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Are Your Pets Keeping You Awake or Helping You Sleep?

Do you let your pets sleep in your bed at night? A new study finds an increase in the number of pet owners who find their pets responsible for disturbing a good night’s rest.

Many pet owners allow their pets to sleep nearby at night, but are your pets helping you nod off, or are they keeping you awake? A recent study from the Mayo Clinic shows that people are definitely split in two over their pets’ sleeping arrangements. From a modest sample size of 74 pet owners, 41 allowed their pets to sleep in the bedroom. 15 study participants (20%) described their pets as disruptive, whilst 31 (41%) said they were unobtrusive or even beneficial 1.

In a similar study from 2002, the statistics told a different story. Only 1% of participants reported that their pets were disruptive during sleep, this had increased to 10% in the most recent study. The reason for this increase is unknown, but could be due to the greater number of households with multiple pets.

Disruptive behaviours given by study participants included:

  • Wandering
  • Snoring
  • Needing to go out
  • Whimpering
  • Seizures

We’re sure there are plenty of other ways our pets could disrupt sleep at night, but what about those who found pets aided sleep? One woman found that her two small dogs acted as ‘bed warmers’ which helped her nod off. Another study participant described their cat as soothing – possibly referring to her cat’s gentle purring? A number of participants also reported how they found the companionship of an animal to be comforting.

Considering Sleeping Arrangements

Whether or not you find your pet disturbs your sleep could depend on the species. Dogs are able to adopt a consistent sleeping pattern that matches your own and are more inclined to sleep through the night. However, if a dog needs something during the night, they are going to let you know – loudly. Cats on the other hand don’t tend to spend the night in one place, roaming throughout the night. Also, cats are notorious for being active during the early hours of the morning and making an impressive alternative for an alarm clock.

Questions to ask before letting your pet sleep in the bedroom

  • How well do you usually sleep?
  • How well does your partner sleep?
  • Is the pet free of dirt, fleas and other pests?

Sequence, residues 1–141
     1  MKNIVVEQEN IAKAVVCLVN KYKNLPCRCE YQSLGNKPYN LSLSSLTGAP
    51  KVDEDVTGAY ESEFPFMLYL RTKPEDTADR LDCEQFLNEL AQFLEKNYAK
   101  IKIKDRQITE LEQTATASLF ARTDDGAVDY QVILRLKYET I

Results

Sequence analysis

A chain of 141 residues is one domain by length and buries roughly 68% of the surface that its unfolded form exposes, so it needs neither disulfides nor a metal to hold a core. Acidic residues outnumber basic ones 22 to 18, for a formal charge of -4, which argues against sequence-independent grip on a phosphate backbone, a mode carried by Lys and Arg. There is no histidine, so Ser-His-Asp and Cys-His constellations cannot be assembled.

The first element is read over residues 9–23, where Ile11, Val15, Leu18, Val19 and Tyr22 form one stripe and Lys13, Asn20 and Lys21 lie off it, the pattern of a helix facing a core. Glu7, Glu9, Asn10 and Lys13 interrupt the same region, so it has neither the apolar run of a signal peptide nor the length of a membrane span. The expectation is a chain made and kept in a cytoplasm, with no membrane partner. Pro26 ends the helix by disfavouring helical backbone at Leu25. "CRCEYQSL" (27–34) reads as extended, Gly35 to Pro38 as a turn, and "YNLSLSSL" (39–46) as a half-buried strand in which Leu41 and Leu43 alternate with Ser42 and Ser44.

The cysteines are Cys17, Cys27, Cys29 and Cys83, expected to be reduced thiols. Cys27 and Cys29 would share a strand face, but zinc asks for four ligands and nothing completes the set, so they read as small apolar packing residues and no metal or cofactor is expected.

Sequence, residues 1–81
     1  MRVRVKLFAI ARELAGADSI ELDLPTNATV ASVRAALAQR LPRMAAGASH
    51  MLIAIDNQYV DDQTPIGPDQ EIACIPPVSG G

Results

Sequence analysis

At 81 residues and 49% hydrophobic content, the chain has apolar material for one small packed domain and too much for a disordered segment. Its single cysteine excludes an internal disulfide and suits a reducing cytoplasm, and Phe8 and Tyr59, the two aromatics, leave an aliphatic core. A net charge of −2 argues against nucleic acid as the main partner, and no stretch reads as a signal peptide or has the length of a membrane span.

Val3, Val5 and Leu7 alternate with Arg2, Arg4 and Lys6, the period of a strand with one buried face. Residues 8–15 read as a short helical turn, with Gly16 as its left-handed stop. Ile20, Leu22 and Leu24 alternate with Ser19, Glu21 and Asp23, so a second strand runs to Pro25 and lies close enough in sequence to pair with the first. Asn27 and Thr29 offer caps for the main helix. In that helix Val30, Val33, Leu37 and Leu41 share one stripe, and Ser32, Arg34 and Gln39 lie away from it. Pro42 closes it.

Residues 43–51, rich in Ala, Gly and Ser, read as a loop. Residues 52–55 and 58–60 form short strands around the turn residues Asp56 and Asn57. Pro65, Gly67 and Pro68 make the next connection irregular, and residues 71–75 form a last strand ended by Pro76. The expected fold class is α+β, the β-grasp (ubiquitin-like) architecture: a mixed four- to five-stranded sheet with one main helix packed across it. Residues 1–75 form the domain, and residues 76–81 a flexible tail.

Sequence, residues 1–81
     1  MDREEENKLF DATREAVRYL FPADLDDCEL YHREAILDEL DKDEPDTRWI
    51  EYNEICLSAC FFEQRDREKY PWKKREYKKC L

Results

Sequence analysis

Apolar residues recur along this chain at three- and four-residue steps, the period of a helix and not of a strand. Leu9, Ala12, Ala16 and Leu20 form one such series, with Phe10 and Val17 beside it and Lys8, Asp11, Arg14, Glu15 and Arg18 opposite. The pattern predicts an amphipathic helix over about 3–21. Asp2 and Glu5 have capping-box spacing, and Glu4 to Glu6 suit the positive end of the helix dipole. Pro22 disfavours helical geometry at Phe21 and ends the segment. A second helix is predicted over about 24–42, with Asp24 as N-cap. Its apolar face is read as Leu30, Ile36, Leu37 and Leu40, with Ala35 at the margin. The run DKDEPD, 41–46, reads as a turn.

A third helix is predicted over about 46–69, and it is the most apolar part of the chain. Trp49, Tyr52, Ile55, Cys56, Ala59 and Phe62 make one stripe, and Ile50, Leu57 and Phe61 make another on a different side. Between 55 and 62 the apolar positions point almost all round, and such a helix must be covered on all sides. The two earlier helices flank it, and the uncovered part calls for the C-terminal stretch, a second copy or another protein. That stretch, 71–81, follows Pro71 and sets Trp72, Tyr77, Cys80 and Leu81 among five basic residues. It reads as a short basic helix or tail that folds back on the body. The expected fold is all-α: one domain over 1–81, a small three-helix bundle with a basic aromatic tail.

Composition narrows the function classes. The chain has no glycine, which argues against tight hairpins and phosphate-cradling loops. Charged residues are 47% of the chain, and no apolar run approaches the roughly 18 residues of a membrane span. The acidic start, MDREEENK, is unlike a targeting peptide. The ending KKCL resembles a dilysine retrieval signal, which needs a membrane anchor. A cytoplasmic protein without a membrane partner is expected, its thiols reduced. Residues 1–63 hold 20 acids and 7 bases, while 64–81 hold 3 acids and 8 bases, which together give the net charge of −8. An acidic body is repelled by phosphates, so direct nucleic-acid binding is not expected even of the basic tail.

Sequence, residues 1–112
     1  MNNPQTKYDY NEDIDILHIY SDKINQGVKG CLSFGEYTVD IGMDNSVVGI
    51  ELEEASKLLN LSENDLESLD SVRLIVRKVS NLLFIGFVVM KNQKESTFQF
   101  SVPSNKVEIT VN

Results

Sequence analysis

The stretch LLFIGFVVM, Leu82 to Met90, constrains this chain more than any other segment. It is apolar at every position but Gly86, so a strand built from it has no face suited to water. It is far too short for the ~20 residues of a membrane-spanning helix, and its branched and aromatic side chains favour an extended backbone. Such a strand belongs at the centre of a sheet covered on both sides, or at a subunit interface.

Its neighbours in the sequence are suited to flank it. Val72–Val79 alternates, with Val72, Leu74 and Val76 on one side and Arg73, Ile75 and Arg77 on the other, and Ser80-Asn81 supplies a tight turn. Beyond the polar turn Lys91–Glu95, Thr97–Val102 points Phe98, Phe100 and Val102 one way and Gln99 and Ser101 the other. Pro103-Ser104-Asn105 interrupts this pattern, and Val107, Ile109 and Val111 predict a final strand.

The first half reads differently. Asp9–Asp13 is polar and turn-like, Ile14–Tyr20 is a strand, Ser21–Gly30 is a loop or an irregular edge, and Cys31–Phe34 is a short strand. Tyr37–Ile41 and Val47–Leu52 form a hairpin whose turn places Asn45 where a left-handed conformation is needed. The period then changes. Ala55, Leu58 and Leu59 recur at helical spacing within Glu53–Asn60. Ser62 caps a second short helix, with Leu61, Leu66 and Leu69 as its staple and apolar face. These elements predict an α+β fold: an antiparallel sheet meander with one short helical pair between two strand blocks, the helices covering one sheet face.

• Do you suffer from pet allergies?
  • How large is your bedroom?
  • Does your pet sleep through the night?
  • Is your pet quiet?
  • How many pets do you have?
  • Would your pet sleep on the bed?
  • Does excluding the pet from the bedroom an option?
  • Does your pet require any special attention during the night?

To Sleep Or Not To Sleep?

It seems a lot of this study is based on personal preferences, and the individual personalities of their pets. People who find their pets disturb them during the night should consider prioritising their sleep over the needs of their pets. If your pet sleeps on the bed, maybe it’s time to invest in a pet bed to create a place your pet associates with sleep and get them out of the bedroom.

To achieve a restful night’s sleep requires a state of physical and mental relaxation. If your pet helps you achieve this state – keep them in the bedroom!

Your Thoughts

We’d like to hear whether or not your pet is allowed in the bedroom. Does your pet keep you up, or do they help you relax? Let us know in the comments section below!

Featured Image – Ryan Melaugh


References:

  1. Krahn LE, Tovar MD, Miller B. Are Pets in the Bedroom a Problem?. Mayo Clin Proc. 2015;90(12):1663-5.

About James Watts

BSc Bioveterinary Science. Editor of PetSci. When I'm not writing, learning, discussing, or reading about animals, you know it's the weekend! Currently developing PetSci HealthTrak, the fast and easy way to monitor your pet's weight and calorie intake. HealthTrak offers a simple way to track your pet's progress, helping them achieve a healthy weight and a long, happy life.

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3 comments

  1. I let my two cats sleep in my bed with me at night. They are comforting to begin with but are natural alarm clocks and wake me up at 5am for feeding. All in all I wouldn’t change a thing.

  2. My cat not only snores, but once he is awake, he hates others to be asleep – and his perfect way to wake us up is scratching. Closing doors is pointless as he just scratches them instead of bedroom carpet etc. No way to stop him.

  3. We’ve slept with my little rat terrier in bed with us for over 13 years. The only time she wakes us up is when she needs to go outside. I’d rather her wake me for a bathroom visit than go on the floor. Overall, we think we sleep better with her in bed.

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